Participants. Twenty undergraduate students participated in this experiment. The other details were the same as those for Experiment 1.
Environment and Equipment. The data collection room and the equipment used were identical to those in Experiment 1.
Participants were distributed in four groups (High-Ext, High-Var-Ext, Low-Ext and Low-Var-Ext) and exposed to four phases (Selection of the Target Sequence, Training, Elimination and Testing) in one single session.
In the beginning of the session, participants were given general instructions that differed from those in Experiment 1 only regarding the number of responses by sequence (three) and the maximum number of possible sequences (eight). After reading the instruction, the participant was exposed to a task identical to that described in Experiment 1.
Phase of Selection of the Target Sequences. In this phase the participant should emit sequences of three responses, according to a VI 1-min schedule in 50 trials. Therefore, sequences emitted at every 1 min, on average, were followed by the correct feedback. In this phase, conversely to what was done in the pilot study of Experiment 1, there was no variation criterion to prevent participants from initiating the experiment with a history of reinforcement for variation. Then, the experimenter selected the target sequences based on the absolute frequency of all possible sequences, as described in Experiment 1, except for one difference: instead of ordering aggregate frequencies of sequences emitted by all participants, the experimenter ordered the frequencies of sequences emitted by each individual participant. Therefore, a sequence with high (more frequent), intermediate (medium frequency) and low (less frequent) probability was obtained for each participant.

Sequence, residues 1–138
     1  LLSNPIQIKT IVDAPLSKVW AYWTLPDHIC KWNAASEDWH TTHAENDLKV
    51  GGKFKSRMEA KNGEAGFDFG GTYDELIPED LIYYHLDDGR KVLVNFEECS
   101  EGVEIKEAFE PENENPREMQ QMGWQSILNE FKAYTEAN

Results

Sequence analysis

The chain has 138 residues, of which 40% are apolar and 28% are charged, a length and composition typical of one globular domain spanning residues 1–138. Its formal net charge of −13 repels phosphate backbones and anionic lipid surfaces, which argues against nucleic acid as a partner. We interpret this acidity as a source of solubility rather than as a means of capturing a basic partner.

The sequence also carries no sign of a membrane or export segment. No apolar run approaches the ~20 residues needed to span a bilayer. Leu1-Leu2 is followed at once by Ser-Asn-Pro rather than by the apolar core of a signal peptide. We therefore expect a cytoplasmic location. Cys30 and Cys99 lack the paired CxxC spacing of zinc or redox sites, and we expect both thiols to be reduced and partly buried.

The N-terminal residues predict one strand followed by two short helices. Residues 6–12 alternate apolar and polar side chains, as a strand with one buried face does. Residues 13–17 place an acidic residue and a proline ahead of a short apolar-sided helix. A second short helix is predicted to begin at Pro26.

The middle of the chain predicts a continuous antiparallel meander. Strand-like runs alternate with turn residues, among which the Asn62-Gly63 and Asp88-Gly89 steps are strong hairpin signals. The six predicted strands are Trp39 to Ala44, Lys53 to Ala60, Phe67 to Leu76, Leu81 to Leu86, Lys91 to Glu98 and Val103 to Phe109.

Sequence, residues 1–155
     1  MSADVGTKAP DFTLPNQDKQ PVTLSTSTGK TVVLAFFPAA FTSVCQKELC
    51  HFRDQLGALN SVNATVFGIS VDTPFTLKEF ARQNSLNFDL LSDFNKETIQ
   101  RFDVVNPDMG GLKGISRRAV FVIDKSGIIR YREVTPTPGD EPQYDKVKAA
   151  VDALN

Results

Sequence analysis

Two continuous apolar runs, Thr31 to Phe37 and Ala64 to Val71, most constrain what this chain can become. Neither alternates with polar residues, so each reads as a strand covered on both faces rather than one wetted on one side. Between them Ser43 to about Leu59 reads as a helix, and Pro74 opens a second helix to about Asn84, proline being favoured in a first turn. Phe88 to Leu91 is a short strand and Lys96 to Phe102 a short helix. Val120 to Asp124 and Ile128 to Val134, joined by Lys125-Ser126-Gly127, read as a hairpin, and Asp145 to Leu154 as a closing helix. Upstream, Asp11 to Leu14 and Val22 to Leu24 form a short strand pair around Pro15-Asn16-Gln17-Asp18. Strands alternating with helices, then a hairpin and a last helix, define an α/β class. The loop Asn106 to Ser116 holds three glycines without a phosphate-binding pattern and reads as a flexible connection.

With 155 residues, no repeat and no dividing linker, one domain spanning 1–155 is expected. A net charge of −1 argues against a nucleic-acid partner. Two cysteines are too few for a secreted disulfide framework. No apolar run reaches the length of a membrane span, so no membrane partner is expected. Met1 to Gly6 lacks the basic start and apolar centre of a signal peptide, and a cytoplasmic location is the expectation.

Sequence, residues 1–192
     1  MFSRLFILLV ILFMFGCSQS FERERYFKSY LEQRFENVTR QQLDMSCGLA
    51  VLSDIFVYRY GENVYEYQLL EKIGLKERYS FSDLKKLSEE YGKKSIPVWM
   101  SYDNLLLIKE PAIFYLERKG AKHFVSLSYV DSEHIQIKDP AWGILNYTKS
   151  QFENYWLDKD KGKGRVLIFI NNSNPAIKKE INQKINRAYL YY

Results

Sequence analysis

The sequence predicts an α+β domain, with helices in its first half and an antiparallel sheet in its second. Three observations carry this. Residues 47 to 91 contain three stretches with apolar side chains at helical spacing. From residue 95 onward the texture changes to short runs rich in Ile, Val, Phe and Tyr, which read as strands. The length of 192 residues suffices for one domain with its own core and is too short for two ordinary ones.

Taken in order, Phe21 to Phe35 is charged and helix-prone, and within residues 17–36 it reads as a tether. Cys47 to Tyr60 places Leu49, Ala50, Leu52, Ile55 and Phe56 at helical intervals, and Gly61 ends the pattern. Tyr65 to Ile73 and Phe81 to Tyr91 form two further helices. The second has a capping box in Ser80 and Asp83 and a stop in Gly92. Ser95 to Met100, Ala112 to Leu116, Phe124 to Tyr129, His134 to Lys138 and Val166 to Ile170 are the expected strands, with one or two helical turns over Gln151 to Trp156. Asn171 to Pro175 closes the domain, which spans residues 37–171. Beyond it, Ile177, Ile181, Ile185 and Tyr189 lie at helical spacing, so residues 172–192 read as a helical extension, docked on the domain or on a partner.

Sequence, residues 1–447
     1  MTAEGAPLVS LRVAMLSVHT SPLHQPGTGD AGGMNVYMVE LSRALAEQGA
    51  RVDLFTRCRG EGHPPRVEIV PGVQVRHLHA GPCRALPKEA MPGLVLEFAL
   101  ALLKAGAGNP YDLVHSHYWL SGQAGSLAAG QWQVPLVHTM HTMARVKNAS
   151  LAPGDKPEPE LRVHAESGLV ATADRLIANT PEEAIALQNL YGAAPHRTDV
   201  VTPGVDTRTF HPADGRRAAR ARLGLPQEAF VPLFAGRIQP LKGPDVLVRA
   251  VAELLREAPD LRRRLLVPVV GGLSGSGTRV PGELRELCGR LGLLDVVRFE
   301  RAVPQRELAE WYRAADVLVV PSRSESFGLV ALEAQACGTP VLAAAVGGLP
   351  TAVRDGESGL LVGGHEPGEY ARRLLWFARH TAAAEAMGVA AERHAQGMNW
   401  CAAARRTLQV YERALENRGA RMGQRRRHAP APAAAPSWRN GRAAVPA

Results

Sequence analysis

Training Phase. Identical to that of Experiment 1, i.e., only S1 generated reinforcers that were delivered according to the CRF schedule.
Elimination Phase. Identical to Experiment 1, i.e., reinforcers were delivered whenever, and only when, S2 was emitted.